If corrections officers in Arizona find some of this offensive, my apologies. I found many parallels in this editorial between Arizona and California, and felt some of her points were worth making. I am mindful that officers have it a little better in CALI prisons than here...but really, do they need two of you to guard a dying old woman already in shackles every time she goes to the hospital? And do we need to lock up young men for burglary and property crime who have since developed neurological disease and become quadraplegic?

I think these prisoners' judges and juries would have ordered something different from the hell they landed in, in most cases, if they knew the social, economic, and human costs of abandoning people to die in prison. Unless the court ordered death, life or its equivalent in years, they expected these prisoners to end up home one day...that should be honored, too - the right of judges to know the truth about their sentencing, and to re-do it when chronic or terminal illness strikes someone they locked away...


CA: Enforcing prisoner compassionate release law would save a billion...
Sacramento Prison Reform Examiner
Editorial - B. Cayenne Bird
June 19, 2009

Senator Mark Leno explained during Monday's online Senate Town Hall Meeting that the lawmakers can sometimes jump the 2/3 vote requirement hurdle and actually pass reform bills. However, due to a lack of oversight, it can take years for the changes in laws to be enforced. Then, Senator Steinberg described the financial consequences brought about as a result of harsh laws such as Three Strikes and Jessica's Law. These are but two laws foisted upon us by special interests via the initiative process which had no funding source, meaning that they are paid for from education, human services or some other existing program.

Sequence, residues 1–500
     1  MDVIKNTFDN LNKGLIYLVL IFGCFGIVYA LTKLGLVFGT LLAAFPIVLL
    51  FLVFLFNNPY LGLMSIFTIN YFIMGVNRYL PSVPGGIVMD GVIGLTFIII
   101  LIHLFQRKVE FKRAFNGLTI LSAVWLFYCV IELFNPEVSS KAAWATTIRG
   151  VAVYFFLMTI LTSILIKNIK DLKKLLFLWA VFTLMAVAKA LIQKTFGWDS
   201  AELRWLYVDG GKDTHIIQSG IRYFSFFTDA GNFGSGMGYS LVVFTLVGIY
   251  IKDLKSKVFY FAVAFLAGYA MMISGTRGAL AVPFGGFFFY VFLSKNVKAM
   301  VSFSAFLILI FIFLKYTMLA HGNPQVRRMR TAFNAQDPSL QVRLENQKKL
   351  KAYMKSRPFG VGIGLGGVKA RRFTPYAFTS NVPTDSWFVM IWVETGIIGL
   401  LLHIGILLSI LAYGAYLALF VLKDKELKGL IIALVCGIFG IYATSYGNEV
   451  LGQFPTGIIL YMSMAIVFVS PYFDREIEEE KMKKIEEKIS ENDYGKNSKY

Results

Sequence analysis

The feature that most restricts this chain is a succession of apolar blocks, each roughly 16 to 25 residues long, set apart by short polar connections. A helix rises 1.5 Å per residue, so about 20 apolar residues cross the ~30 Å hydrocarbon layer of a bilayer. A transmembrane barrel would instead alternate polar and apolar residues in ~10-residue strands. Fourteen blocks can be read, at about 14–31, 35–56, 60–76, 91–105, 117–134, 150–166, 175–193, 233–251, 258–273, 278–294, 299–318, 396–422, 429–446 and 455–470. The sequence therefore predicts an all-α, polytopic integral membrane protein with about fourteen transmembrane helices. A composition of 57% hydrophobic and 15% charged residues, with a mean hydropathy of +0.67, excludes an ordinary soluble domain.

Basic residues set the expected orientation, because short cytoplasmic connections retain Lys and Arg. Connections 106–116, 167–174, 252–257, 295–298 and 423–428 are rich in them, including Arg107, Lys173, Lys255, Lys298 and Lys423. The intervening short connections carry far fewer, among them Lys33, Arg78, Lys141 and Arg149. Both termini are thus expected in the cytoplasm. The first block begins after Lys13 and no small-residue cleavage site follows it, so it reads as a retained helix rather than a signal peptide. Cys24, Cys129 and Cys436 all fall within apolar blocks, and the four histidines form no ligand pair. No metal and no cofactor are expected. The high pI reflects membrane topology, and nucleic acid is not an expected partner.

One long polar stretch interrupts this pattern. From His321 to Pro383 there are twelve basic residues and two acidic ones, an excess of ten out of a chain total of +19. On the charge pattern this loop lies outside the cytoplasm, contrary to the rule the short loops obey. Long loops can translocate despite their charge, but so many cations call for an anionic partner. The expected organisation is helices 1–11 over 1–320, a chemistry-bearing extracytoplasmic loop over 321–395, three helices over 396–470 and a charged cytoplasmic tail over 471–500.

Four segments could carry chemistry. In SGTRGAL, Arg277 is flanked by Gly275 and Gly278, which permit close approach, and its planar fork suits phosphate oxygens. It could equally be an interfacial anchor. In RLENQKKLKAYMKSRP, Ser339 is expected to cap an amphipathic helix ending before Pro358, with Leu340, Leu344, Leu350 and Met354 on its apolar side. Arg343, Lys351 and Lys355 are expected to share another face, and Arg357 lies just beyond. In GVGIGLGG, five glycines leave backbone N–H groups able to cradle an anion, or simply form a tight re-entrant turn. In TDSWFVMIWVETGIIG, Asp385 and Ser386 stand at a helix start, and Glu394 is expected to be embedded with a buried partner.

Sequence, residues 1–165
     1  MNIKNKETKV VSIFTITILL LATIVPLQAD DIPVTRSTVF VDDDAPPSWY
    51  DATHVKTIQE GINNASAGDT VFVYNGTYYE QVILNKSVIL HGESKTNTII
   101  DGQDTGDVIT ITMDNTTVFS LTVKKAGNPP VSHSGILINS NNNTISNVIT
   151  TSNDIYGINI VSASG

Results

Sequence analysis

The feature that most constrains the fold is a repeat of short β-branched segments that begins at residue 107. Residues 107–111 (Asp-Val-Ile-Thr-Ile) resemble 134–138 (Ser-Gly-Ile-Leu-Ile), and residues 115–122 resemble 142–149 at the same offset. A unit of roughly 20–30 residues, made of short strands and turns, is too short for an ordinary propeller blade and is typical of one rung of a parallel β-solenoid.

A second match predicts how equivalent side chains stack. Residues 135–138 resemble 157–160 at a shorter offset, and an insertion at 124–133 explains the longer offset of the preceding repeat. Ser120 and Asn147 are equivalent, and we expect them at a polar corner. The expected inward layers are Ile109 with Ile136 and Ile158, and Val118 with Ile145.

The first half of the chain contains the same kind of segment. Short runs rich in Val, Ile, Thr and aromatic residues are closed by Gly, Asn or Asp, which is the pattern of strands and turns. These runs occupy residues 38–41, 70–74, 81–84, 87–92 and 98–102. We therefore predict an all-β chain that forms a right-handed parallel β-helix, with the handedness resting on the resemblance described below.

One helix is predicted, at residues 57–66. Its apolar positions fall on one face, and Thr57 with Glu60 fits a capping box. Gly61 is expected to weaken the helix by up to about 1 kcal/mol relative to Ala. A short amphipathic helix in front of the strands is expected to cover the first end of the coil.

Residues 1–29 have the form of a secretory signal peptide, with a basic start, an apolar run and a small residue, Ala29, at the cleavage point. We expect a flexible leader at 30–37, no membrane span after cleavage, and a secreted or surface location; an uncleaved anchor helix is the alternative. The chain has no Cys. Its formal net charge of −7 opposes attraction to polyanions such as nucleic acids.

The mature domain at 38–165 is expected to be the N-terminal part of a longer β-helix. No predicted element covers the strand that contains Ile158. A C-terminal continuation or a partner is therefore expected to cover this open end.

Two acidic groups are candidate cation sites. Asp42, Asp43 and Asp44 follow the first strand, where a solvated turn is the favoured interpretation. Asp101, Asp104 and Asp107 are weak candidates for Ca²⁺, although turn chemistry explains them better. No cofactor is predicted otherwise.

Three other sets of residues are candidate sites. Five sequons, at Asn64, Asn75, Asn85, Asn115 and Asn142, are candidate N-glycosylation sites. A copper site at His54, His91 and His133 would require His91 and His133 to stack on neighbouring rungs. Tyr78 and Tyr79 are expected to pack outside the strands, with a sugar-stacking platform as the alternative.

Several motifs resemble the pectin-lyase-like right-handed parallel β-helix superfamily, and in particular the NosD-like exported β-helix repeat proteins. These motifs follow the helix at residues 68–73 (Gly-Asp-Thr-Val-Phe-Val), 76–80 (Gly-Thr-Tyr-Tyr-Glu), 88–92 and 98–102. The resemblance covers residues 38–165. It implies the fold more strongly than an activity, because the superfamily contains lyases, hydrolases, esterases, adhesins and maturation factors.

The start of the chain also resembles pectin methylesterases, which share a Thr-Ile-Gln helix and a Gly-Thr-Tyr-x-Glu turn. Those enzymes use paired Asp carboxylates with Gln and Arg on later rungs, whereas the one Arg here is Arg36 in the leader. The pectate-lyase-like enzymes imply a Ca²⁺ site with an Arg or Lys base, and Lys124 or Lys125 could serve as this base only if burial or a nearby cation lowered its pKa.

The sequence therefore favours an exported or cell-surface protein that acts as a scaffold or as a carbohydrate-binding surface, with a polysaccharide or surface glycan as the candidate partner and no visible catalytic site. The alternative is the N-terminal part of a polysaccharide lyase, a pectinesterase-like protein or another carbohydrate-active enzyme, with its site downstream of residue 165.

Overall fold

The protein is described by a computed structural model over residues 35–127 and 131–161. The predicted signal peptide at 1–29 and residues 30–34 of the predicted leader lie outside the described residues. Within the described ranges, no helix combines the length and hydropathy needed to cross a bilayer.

Implementation of Three Strikes and Jessica's Law and now Prop 9 are certainly not for free and have already driven up the cost of corrections from 5.4% to 11% in just seven years, which doubled the percentage of spending in the General Fund alone. Add to these costs the millions that will be required to bring California into compliance with the hysterical federal Adam Walsh Act and it is no surprise that this $10 billion expense is still growing. Senator Steinberg is correct when he points out that such extravagant laws have contributed greatly to our meltdown. Leno says that the cost of incarcerating a prisoner under 50 years old is $49,000, but the cost doubles after the age of 50 and triples after the age of 60, which means that many elderly prisoners cost upward of $150,000 a year. Leno says that 70% of this outlay is in employment costs alone.